BrexitBusiness GrowthKeystone ColumnProcurement SourcingProcurement Strategy

Keystone Column 44 – Localising supply chains

By 4th November 2016 No Comments
The Keystone Column - No 44. Localising supply chains

Welcome to this week’s edition of the Keystone Column containing business stories and public procurement opportunities that drive the commercial strategy of ambitious companies. This week’s news is again dominated by Brexit and its impact across the Irish border, prompting us to consider the merits of localising supply chains. Our weekly list of open tenders in the Irish public sector is also included below.

 

Business Stories

Brexit’s impact on the border counties

Traffic heading over the Border has soared by up to 30pc on Saturday mornings since the Brexit vote according to Goodbody Stockbrokers. Their research shows a link between the value of Sterling and traffic heading North. The study shows the number of people from the Republic travelling to Northern Ireland jumped in the wake of the Brexit vote, with Saturdays and Sundays seeing the largest year-on-year increases. Over all, there has been a 9% increase in traffic volumes in the post-Brexit vote period since August.

“Our analysis suggests that the Brexit-induced Sterling collapse is already having an impact on shopping patterns in Ireland,” said Goodbody chief economist Dermot O’Leary. “The benefits to Northern Ireland may be the Republic’s loss; while the impact on consumer spending overall will be relatively modest, the economic impact in the Border counties will be larger.”

 

Challenging Brexit

The UK High Court has ruled that the UK parliament must vote before the UK can start the process of leaving the EU. This means that Theresa May’s government cannot trigger Article 50 (the irreversible 2-year countdown to exiting the EU) without securing the agreement of parliament first. Given that most MPs were on the pro-remain side in the recent referendum, the ruling has led some pro-brexit politicians to speculate that the outcome of the referendum might be overturned. While this is possible, most commentators feel it is highly unlikely that parliament will vote against the wishes of the British public. However if the ruling stands, it is very likely that the British government’s negotiating position will have to be presented to parliament and thereby fall under more public scrutiny that it may have wished for.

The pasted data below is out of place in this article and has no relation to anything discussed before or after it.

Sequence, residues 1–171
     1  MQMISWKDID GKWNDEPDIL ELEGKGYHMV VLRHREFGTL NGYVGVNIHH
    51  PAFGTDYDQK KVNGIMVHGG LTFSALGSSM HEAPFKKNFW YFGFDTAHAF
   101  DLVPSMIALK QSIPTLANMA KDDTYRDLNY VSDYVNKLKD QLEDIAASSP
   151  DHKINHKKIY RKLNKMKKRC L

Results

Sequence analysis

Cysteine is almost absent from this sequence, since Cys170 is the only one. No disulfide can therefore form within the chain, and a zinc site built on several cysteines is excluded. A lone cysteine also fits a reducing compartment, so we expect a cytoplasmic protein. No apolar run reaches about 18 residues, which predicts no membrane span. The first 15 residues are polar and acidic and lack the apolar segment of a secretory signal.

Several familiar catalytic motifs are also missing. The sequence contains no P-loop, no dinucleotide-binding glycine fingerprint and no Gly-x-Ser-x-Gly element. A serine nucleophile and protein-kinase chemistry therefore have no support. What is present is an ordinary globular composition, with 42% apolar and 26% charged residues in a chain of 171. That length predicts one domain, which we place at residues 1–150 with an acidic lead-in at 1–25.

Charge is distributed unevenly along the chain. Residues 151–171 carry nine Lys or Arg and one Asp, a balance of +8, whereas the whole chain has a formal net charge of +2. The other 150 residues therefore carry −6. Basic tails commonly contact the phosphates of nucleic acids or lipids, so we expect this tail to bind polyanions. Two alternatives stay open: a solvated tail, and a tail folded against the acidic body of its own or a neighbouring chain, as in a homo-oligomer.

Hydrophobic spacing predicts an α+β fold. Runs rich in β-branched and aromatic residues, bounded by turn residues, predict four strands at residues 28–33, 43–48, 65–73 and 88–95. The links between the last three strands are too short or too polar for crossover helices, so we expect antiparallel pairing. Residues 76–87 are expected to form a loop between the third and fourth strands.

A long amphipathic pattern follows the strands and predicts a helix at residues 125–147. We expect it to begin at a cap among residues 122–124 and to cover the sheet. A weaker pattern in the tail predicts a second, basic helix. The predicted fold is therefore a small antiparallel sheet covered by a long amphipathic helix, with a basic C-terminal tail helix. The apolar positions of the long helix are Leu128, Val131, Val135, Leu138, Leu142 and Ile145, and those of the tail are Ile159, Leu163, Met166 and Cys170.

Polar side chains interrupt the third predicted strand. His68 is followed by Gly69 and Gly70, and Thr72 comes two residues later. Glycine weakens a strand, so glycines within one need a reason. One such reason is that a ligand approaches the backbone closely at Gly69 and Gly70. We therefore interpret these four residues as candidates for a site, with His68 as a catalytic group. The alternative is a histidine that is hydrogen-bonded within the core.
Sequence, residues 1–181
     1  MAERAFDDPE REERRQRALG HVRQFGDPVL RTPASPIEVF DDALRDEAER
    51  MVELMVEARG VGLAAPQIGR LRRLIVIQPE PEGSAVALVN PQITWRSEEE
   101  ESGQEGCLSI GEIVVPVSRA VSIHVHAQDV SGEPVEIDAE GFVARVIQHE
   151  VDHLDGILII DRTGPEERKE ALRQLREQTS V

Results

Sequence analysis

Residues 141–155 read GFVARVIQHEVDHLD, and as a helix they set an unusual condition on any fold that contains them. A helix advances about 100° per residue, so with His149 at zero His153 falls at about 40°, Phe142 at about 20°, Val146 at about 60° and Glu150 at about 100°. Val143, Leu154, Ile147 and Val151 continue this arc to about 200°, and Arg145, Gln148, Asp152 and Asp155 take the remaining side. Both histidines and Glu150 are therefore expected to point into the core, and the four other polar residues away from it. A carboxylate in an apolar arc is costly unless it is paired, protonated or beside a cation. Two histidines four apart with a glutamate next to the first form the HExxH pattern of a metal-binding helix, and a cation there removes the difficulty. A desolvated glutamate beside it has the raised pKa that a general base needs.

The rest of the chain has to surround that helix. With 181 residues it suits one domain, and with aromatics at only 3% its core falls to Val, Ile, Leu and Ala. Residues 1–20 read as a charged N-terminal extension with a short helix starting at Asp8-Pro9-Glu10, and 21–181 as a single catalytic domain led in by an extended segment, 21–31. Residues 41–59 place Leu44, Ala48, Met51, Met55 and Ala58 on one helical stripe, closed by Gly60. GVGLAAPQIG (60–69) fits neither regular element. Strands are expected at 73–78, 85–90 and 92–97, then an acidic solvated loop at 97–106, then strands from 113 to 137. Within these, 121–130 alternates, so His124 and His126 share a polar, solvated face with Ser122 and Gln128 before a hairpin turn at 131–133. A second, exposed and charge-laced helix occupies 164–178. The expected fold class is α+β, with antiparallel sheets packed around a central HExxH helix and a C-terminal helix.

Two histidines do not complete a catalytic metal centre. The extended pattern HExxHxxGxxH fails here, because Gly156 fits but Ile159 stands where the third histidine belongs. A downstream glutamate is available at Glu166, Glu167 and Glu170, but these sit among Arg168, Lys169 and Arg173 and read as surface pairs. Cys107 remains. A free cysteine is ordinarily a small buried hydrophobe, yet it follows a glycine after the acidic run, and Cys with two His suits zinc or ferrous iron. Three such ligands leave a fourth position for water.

The British government has declared it will appeal the High Court ruling. While it initially appeared likely that the timetable for triggering Article 50 would be delayed, the BBC is reporting that the prime minister is expected to tell the European Commission’s president later today that her Brexit timetable will not be derailed by the High Court’s Article 50 ruling.  Speaking at the All Ireland Civic Dialogue on Brexit, the Taoiseach noted that regardless of whether or not the British government appeal the UK High Court ruling that “… we have to concentrate on what our priorities are and work together in the interests of the common benefits of the economies of the people north and south.” Earlier Mr Kenny warned that the forthcoming negations could be “vicious”as EU members take a dim view of the referendum. He also observed that Europe, in the forthcoming negotiations, needs to decide where it wants to be in the next 50 years.

 

Interesting Trends – localising supply chains